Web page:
The northwestern region of Syria has been held by rebels over the last seven years. Damascus has said a humanitarian corridor will allow "civilians who want to leave areas controlled by terrorists" to flee the region.
Syria announced Thursday that it is to open a gateway for civilians to escape the opposition-held region of Idlib, where government bombardments have killed hundreds of people in recent months.
"The Syrian government announces the opening of a humanitarian corridor in Souran in the northern countryside of Hama province," state news agency SANA quoted a Foreign Ministry source as saying.
Idlib's main insurgent group on Tuesday pulled out of the strategic town of Khan Sheikhoun, which had been held by rebels since 2012, as government forces advanced amid intense bombardments and airstrikes.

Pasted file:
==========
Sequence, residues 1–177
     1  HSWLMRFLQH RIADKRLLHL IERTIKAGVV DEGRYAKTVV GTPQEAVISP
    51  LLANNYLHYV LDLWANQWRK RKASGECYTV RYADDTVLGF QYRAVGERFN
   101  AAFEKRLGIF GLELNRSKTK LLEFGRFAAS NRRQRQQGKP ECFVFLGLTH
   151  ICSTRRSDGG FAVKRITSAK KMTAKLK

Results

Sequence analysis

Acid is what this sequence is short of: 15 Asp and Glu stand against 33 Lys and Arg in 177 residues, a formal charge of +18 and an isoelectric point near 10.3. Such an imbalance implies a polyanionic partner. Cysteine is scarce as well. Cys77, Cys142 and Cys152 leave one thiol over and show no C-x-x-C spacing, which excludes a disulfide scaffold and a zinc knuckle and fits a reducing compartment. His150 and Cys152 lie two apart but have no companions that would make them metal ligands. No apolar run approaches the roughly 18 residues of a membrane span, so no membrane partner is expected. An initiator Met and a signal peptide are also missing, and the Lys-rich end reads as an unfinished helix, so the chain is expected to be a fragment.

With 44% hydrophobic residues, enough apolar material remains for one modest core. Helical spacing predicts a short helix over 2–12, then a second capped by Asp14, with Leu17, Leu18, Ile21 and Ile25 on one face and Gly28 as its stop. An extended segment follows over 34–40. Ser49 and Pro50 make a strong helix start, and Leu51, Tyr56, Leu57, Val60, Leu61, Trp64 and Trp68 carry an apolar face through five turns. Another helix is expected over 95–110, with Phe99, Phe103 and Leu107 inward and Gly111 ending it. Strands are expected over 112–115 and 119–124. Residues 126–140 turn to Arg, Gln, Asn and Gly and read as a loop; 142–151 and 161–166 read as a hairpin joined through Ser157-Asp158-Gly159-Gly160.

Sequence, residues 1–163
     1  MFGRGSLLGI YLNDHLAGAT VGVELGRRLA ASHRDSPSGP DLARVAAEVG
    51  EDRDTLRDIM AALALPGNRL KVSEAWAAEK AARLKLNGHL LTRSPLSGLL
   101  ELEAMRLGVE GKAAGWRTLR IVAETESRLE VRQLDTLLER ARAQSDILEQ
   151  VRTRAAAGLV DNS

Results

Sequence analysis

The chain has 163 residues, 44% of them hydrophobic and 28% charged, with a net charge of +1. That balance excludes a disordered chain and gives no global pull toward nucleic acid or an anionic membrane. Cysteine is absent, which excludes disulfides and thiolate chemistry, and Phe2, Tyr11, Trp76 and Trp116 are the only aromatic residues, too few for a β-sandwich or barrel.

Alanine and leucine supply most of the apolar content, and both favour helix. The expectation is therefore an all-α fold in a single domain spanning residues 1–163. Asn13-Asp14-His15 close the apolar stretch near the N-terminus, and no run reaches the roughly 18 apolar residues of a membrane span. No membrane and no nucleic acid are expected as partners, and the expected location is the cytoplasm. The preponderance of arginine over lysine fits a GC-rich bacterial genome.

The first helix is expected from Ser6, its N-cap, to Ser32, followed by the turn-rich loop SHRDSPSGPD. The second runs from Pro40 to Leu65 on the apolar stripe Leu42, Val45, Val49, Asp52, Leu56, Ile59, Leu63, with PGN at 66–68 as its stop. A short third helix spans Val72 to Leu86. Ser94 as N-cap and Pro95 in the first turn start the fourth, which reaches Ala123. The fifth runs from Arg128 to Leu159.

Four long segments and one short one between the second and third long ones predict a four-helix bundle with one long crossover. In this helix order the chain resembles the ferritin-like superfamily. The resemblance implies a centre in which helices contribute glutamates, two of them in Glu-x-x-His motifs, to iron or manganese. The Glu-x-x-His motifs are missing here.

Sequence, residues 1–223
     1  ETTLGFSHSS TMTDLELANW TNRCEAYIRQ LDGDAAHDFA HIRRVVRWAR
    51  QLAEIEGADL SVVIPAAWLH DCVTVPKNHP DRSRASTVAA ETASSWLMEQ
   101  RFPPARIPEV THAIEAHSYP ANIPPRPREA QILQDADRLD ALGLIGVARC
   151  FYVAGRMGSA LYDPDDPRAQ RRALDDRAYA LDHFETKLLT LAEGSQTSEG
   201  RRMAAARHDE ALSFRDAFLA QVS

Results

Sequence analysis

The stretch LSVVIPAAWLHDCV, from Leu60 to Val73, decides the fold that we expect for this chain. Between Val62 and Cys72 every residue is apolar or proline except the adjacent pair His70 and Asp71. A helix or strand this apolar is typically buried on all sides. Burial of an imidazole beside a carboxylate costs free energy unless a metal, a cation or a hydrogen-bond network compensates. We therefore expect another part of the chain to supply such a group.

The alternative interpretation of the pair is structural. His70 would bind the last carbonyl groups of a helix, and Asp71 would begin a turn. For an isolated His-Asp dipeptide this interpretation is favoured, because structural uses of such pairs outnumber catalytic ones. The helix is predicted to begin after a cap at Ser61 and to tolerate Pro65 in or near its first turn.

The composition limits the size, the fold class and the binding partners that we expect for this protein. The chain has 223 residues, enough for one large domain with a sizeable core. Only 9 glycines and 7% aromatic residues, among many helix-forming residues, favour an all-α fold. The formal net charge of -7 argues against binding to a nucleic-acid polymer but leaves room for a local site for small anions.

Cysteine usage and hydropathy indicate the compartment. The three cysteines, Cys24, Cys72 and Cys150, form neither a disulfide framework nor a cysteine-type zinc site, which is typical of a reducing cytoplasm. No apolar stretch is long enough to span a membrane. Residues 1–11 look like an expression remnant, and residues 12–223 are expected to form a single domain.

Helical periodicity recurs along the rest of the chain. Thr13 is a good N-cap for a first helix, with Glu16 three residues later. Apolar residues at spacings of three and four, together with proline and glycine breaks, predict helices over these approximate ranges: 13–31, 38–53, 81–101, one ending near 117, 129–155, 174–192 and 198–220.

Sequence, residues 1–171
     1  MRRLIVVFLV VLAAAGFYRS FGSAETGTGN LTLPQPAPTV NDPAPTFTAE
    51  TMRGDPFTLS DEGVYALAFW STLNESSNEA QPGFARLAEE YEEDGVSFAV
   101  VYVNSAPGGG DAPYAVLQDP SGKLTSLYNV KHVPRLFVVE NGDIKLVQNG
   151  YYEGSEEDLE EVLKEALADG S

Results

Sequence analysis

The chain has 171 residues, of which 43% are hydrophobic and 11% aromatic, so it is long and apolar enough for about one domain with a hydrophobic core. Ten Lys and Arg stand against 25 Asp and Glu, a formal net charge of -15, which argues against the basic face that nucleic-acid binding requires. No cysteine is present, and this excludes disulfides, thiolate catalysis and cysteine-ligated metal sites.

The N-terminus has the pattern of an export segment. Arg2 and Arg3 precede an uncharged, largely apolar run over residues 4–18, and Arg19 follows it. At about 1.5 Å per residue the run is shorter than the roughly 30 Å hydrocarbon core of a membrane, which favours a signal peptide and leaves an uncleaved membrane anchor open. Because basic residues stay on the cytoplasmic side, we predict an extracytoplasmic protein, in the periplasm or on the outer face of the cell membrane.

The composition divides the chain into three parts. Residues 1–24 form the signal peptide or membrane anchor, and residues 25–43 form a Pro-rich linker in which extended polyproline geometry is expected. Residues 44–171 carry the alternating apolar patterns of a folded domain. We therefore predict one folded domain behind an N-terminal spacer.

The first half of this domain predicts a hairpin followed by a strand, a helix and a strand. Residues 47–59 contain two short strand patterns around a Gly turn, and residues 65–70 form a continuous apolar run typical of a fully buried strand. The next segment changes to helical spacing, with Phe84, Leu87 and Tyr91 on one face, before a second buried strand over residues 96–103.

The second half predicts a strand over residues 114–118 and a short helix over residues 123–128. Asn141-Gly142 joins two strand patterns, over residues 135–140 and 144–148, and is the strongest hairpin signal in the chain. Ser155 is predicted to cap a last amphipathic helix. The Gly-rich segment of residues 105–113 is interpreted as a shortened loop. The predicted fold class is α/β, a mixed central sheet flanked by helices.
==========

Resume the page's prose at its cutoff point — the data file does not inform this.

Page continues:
The gateway will be used to evacuate "civilians who want to leave areas controlled by terrorists in northern Hama and the southern countryside of Idlib," SANA quoted the source as saying.
It is not the first time Damascus, with Russian military support, has created routes out of rebel bastions before retaking the area either through forceful means or via negotiated surrenders.
The Idlib region, which lies in the northwest of Syria, close to the Turkish border, is the last major stronghold of opposition to the government of President Bashar al-Assad.
The region has been controlled since the beginning of the year by the Hayat Tahrir al-Sham alliance, which is led by Islamic fighters from Syria's former al-Qaida affiliate.
jsi/sms (AFP, AP, Reuters)